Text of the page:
Genesis 4:9-15

     1443   revelation, OT
     5548   speech, divine

Genesis 4:10-16

     5483   punishment

What Crouches at the Door
'If thou doest not well, sin croucheth at the door: and unto thee shall be his desire, and thou shalt rule over him.'--GENESIS iv. 7 (R. V.). These early narratives clothe great moral and spiritual truths in picturesque forms, through which it is difficult for us to pierce. In the world's childhood God spoke to men as to children, because there were no words then framed which would express what we call abstract conceptions. They had to be shown by pictures. But these early men, simple and childlike
Alexander Maclaren—Expositions of Holy Scripture

Parental Duties Considered and Urged.
"And did not he make one? Yet had he the residue of the Spirit. And wherefore one? That he might seek a godly seed." Some general observations on the importance of education, especially parental education, were made in the preceding discourse. We are now to consider the ways and means by which parents, are to seek a godly seed. Only general directions can here be given. Much will be left to the discretion of those concerned. Some of the principal parental duties are, Dedication of their children
Andrew Lee et al—Sermons on Various Important Subjects

The Blessings of Noah Upon Shem and Japheth. (Gen. Ix. 18-27. )
Ver. 20. "And Noah began and became an husbandman, and planted vineyards."--This does not imply that Noah was the first who began to till the ground, and, more especially, to cultivate the vine; for Cain, too, was a tiller of the ground, Gen. iv. 2. The sense rather is, that Noah, after the flood, again took up this calling. Moreover, the remark has not an independent import; it serves only to prepare the way for the communication of the subsequent account of Noah's drunkenness. By this remark,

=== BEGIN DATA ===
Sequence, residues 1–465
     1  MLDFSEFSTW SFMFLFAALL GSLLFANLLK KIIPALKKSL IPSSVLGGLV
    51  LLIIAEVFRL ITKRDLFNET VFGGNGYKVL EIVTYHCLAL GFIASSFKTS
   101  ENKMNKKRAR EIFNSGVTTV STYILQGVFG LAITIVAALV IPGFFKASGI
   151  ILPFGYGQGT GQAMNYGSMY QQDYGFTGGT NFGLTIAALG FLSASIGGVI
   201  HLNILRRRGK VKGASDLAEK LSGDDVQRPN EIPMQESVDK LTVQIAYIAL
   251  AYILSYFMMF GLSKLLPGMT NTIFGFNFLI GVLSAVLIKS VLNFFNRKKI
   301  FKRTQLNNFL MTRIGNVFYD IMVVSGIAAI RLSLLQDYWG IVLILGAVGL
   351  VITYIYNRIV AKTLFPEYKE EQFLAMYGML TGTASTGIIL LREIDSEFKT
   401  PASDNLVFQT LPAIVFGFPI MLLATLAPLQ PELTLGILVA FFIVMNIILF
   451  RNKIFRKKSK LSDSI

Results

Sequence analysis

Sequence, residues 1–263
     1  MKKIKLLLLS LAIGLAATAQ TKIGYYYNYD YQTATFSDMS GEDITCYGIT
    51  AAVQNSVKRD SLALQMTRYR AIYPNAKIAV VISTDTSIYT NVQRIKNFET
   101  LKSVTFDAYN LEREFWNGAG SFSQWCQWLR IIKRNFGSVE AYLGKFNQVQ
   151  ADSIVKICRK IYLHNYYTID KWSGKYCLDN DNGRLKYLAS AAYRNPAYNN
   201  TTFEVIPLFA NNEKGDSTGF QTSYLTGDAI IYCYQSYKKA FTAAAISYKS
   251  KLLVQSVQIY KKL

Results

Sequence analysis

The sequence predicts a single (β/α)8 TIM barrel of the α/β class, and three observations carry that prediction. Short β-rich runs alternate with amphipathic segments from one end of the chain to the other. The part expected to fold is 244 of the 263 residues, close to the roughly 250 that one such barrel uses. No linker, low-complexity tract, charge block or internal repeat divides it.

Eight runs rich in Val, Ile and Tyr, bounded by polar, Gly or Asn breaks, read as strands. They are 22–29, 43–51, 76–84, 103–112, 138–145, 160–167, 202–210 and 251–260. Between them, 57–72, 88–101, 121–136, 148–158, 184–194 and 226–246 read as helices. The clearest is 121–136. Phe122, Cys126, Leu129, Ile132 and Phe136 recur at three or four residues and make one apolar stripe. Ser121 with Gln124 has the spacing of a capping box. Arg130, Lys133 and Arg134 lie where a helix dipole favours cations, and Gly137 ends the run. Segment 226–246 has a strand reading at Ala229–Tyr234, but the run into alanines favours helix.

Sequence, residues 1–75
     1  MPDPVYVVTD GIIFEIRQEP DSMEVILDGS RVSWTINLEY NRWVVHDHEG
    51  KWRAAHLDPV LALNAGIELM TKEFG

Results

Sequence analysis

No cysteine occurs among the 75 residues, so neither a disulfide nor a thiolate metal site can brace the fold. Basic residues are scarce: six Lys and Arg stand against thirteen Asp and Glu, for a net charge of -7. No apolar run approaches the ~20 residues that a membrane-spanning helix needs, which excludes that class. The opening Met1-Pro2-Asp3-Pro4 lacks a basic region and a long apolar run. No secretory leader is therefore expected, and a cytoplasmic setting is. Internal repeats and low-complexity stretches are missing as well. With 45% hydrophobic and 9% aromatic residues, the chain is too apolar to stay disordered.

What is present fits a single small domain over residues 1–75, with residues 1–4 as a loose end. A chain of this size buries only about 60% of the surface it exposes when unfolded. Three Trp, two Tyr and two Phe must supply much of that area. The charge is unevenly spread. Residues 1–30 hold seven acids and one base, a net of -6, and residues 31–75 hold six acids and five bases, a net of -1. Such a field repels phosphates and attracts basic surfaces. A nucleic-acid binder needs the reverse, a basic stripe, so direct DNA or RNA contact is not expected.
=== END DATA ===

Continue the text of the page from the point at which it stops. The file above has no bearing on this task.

Ernst Wilhelm Hengstenberg—Christology of the Old Testament

Cain and Abel. Gen 4:3-8
CAIN and ABEL. Gen 4:3-8 When Adam fell he quickly lost God's image, which he once possessed: See All our nature since could boast In Cain, his first-born Son, expressed! The sacrifice the Lord ordained In type of the Redeemer's blood, Self-righteous reas'ning Cain disdained, And thought his own first-fruits as good. Yet rage and envy filled his mind, When, with a fallen, downcast look, He saw his brother favor find, Who GOD's appointed method took. By Cain's own hand, good Abel died, Because
John Newton—Olney Hymns

Letter xxiv (Circa A. D. 1126) to Oger, Regular Canon
To Oger, Regular Canon [34] Bernard blames him for his resignation of his pastoral charge, although made from the love of a calm and pious life. None the less, he instructs him how, after becoming a private person, he ought to live in community. To Brother Oger, the Canon, Brother Bernard, monk but sinner, wishes that he may walk worthily of God even to the end, and embraces him with the fullest affection. 1. If I seem to have been too slow in replying to your letter, ascribe it to my not having
Saint Bernard of Clairvaux—Some Letters of Saint Bernard, Abbot of Clairvaux

Letter xxxv. From Pope Damasus.
Damasus addresses five questions to Jerome with a request for information concerning them. They are: 1. What is the meaning of the words "Whosoever slayeth Cain vengeance shall be taken on him sevenfold"? (Gen. iv. 5.) 2. If God has made all things good, how comes it that He gives charge to Noah concerning unclean animals, and says to Peter, "What God hath cleansed that call not thou common"? (Acts x. 15.) 3. How is Gen. xv. 16, "in the fourth generation they shall come hither again," to be reconciled
St. Jerome—The Principal Works of St. Jerome

Letter xxxvi. To Pope Damasus.